Cancer survivors experience numerous disease and treatment-related adverse outcomes and poorer health-related quality of life (HRQoL). Exercise interventions are hypothesized to alleviate these adverse outcomes. HRQoL and its domains are important measures for cancer survivorship.
To evaluate the effectiveness of exercise on overall HRQoL and HRQoL domains among adult post-treatment cancer survivors.
We searched the Cochrane Central Register of Controlled Trials (CENTRAL), PubMed, MEDLINE, EMBASE, CINAHL, PsycINFO, PEDRO, LILACS, SIGLE, SportDiscus, OTSeeker, and Sociological Abstracts from inception to October 2011 with no language or date restrictions. We also searched citations through Web of Science and Scopus, PubMed's related article feature, and several websites. We reviewed reference lists of included trials and other reviews in the field.
We included all randomized controlled trials (RCTs) and controlled clinical trials (CCTs) comparing exercise interventions with usual care or other nonexercise intervention to assess overall HRQoL or at least one HRQoL domain in adults. Included trials tested exercise interventions that were initiated after completion of active cancer treatment. We excluded trials including people who were terminally ill, or receiving hospice care, or both, and where the majority of trial participants were undergoing active treatment for either the primary or recurrent cancer.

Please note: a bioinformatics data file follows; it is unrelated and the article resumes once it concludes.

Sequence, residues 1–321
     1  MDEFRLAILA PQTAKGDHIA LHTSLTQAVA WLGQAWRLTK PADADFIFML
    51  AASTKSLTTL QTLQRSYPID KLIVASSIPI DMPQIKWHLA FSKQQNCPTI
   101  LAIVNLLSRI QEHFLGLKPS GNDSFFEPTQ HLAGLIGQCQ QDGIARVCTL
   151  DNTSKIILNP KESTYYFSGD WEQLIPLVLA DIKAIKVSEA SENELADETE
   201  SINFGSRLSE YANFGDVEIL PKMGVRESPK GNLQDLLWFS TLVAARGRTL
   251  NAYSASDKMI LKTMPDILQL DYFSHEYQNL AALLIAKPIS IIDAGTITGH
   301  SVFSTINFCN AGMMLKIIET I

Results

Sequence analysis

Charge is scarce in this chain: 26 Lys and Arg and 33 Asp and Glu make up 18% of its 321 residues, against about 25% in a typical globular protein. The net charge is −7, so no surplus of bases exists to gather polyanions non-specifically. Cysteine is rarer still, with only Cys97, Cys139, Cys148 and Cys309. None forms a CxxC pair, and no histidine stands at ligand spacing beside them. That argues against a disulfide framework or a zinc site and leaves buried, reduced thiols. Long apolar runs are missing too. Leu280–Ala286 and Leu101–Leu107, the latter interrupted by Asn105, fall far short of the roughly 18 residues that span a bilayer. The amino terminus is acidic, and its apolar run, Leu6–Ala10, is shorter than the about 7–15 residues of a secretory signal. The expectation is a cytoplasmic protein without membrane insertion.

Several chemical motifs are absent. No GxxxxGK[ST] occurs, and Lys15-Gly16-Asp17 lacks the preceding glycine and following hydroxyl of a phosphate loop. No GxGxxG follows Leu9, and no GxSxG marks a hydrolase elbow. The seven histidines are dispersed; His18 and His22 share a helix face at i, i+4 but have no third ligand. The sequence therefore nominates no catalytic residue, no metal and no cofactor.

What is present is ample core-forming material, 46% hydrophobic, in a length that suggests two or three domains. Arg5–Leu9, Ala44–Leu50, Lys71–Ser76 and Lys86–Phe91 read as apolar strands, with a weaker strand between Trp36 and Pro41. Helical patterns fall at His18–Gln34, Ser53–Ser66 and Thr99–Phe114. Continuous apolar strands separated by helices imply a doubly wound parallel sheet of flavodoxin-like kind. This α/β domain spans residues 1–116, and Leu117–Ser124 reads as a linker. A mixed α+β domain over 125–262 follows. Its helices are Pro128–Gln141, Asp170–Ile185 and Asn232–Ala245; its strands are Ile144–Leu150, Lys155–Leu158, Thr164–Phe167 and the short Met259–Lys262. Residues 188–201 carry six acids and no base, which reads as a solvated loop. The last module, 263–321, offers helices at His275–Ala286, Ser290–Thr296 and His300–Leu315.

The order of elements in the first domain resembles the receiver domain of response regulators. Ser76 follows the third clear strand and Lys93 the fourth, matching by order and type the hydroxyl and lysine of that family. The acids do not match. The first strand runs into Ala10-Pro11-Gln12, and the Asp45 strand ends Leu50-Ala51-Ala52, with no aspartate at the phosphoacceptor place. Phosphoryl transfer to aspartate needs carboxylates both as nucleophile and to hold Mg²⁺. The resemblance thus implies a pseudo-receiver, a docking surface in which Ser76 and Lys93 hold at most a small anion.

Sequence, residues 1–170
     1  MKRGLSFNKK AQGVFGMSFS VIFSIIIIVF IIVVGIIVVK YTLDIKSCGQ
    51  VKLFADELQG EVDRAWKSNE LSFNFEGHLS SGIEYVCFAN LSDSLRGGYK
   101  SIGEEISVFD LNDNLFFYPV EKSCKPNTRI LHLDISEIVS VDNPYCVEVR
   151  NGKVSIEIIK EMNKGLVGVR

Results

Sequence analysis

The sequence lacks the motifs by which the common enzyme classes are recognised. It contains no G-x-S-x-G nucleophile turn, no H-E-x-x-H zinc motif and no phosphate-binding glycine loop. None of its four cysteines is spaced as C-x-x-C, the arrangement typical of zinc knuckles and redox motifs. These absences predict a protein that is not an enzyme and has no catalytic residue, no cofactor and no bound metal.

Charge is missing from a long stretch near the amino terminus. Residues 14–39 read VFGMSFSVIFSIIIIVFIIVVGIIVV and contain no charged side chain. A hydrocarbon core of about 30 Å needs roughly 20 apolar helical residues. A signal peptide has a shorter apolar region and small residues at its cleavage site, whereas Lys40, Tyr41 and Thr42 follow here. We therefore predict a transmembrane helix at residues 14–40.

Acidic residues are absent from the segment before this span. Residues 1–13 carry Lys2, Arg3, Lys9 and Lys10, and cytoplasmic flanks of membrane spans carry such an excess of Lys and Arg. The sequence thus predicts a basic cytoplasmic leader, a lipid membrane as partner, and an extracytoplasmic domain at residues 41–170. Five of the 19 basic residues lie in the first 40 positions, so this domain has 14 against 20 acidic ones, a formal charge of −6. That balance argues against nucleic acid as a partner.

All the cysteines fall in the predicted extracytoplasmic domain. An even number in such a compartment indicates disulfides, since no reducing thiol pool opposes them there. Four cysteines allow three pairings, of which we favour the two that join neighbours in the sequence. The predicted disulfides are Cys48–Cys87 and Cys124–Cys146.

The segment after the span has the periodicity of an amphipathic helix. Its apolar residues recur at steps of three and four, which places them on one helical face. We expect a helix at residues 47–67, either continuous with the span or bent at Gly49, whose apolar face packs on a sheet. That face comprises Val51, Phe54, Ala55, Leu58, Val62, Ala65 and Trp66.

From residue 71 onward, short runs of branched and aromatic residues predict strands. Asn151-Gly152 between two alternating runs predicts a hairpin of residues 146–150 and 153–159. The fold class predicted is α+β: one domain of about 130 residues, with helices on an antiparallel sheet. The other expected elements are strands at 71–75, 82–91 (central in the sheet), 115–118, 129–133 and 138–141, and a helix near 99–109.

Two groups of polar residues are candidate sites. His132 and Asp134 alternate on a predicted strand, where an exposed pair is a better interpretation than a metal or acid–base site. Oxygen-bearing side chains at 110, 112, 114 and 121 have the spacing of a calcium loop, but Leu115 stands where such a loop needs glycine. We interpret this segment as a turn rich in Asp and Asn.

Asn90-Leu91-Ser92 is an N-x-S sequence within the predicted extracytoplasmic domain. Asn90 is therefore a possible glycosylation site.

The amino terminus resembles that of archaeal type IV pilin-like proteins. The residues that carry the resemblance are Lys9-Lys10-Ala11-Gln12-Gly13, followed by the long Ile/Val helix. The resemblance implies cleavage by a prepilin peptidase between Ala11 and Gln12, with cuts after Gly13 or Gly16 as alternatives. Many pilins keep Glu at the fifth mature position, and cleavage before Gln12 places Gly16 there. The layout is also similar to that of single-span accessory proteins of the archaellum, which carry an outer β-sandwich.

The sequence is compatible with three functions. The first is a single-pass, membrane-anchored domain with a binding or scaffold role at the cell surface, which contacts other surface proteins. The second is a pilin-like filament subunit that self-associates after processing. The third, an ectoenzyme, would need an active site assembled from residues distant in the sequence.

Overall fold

Five paired review authors independently extracted information on characteristics of included trials, data on effects of the intervention, and assessed risk of bias based on predefined criteria. Where possible, meta-analyses results were performed for HRQoL and HRQoL domains for the reported difference between baseline values and follow-up values using standardized mean differences (SMD) and a random-effects model by length of follow-up. We also reported the SMDs between mean follow-up values of exercise and control group. Because investigators used many different HRQoL and HRQoL domain instruments and often more than one for the same domain, we selected the more commonly used instrument to include in the SMD meta-analyses. We also report the mean difference for each type of instrument separately.
We included 40 trials with 3694 participants randomized to an exercise (n = 1927) or comparison (n = 1764) group. Cancer diagnoses in study participants included breast, colorectal, head and neck, lymphoma, and other. Thirty trials were conducted among participants who had completed active treatment for their primary or recurrent cancer and 10 trials included participants both during and post cancer treatment. Mode of the exercise intervention included strength training, resistance training, walking, cycling, yoga, Qigong, or Tai Chi. HRQoL and its domains were measured using a wide range of measures.